Anda di halaman 1dari 3

E-011 (P)

The 2nd Joint International Conference on Sustainable Energy and Environment (SEE 2006) 21-23 November 2006, Bangkok, Thailand

A Proposed Model for Utilizing Exhaust Heat to run Automobile Air-conditioner


Shah Alam
University Polytechnic, Faculty of Engg & Technology, Jamia Millia Islamia, New Delhi-110025, India Abstract: In these paper three fluid vapor absorption systems is used for air conditioning of four strokes, four cylinders passenger car. The capacity of air conditioner is one ton. The exhaust of car is used to heat the ammonia solution in the generator. The temperature of exhaust heat is measured at different engine speed under 1/4th and half opening of throttle valve. The analysis shows that the maximum amount of useful heat available in the exhaust gas is about 6 KJ/sec. In this study it is found that the amount of heat required for generator is 3.02 KJ/sec. However the heat present in the exhaust is more than this amount. Therefore, the required heat to run the one-ton air conditioner that is needed to convert ammonia solution into ammonia vapor is sufficient. Keywords: Automobile Exhaust, Air Conditioning, Load Factor, Vapor Absorption Cycle, Three Fluid System

1. INTRODUCTION
Like other air conditioner systems, the automobile air conditioner must provide adequate comfort cooling to the passenger in the conditioned space under a wide variety of ambient conditions. In automobile air conditioning load factors are constantly and rapidly changing as the automobile moves over highways at different speeds and through all kinds of surroundings. As the car moves faster there is greater amount of infiltration into the car and the heat transfer between the outdoor air and the car surface is increased. The sun baking down on a black top road will raise its temperature to 500C 600C approximately and thus increases the amount of heat transmitted into car. When driving through a grassy terrain, much less radiant heat is experienced than when passing through sandy flats or rocky hills. Therefore, the car is subjected to varying amounts of heat load when its orientation changes during the journey. An automobile engine utilizes only about 35% of available energy and rests are lost to cooling and exhaust system. If one is adding conventional air conditioning system to automobile, it further utilizes about 5% of the total energy. Therefore automobile becomes costlier, uneconomical and less efficient. Additional of conventional air conditioner in car also decreases the life of engine and increases the fuel consumption. For very small cars compressor needs 3 to 4 bhp, a significant ratio of the power output. Keeping these problems in mind, a car air conditioning system is proposed using exhaust gases. The advantages of this system over conventional air-conditioning system are that it does not affect designed efficiency life and fuel consumption of engine. Horuz [1] has compared the performance of a vapor absorption refrigeration system based on natural gas and engine exhaust gases. Hosoz and Ertunc [2] have analyzed automobile air conditioning system using artificial neural network technique. Jabardo et al. [3] have developed the model of an automobile air conditioning system with variable capacity compressor. Jiangzhou et al. [4] have done experimental study on locomotive cabin. Mezrhab and Bouzidi [5] have computed the thermal comfort inside the car. Tamura et al. [6] have analyzed automotive cooling and heating air conditioning system.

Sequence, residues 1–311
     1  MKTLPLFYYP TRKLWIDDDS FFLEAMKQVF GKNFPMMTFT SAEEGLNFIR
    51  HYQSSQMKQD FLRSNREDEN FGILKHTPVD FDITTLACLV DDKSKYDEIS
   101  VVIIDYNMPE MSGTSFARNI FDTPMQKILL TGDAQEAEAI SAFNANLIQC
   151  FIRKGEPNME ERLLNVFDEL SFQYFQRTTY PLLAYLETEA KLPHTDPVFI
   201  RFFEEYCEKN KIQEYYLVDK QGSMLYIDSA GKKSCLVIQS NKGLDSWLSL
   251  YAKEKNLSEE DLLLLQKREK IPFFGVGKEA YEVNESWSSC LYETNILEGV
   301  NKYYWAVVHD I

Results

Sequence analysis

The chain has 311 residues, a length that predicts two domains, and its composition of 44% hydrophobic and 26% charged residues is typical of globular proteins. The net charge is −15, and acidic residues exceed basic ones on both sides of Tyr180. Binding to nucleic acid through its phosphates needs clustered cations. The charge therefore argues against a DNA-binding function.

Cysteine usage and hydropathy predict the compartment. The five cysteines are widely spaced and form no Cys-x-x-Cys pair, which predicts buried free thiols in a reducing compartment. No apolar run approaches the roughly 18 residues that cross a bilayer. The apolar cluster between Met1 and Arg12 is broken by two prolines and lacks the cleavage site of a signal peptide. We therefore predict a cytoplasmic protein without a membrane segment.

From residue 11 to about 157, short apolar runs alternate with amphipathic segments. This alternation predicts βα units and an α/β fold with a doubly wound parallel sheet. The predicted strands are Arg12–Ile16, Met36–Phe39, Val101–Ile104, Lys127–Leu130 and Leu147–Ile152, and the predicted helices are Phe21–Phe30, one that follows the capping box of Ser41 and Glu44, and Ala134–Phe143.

2. DESCRIPTION OF PROPOSED MODEL


The proposed model is based on three fluid vapor absorption systems. It consists of basic components needed for vapor absorption system as shown in Fig. 1. The three fluid used in this system are ammonia, water and hydrogen. Although ammonia is toxic, but due to absence of any moving part there is a little chance for the leakage. The hydrogen gas is used to increase the rate of evaporation of the liquid ammonia passing through the system. The water is used because it has the ability to absorb ammonia readily. The exhaust gas is used to heat the ammonia solution in the generator. A rectifier is used before condenser, which removes water from ammonia vapor. The ammonia vapor is condensed and flows under gravity to the evaporator where it meets the hydrogen gas. The hydrogen of gas, which is being feed to the evaporator, permits the liquid ammonia to evaporate at low pressure and temperature. During the process evaporation the ammonia absorbs the latent heat from refrigerated space and produces cooling effect. The mixture of ammonia vapor and hydrogen is passed to the absorber where ammonia is absorbed while hydrogen raises the top and flows back to the evaporator. The arrangement of various components of this proposed air conditioning system is also a challenge because of the fix size of cars. In the proposed model condenser and evaporator are arranged same as the conventional unit. However, absorber is fitted immediately below radiator and extends to one of the fenders. The dephlegmator is fitted against to the condenser as the latter has been so designed to make place for both the other units. The generator is mounted as close to the exhaust manifold as possible to save on heat losses from the gases before they are routed through the generator heat exchangers. Since the generator is actually a fairly large size unit. It can only be placed below the engine and slightly to the rare dynamo.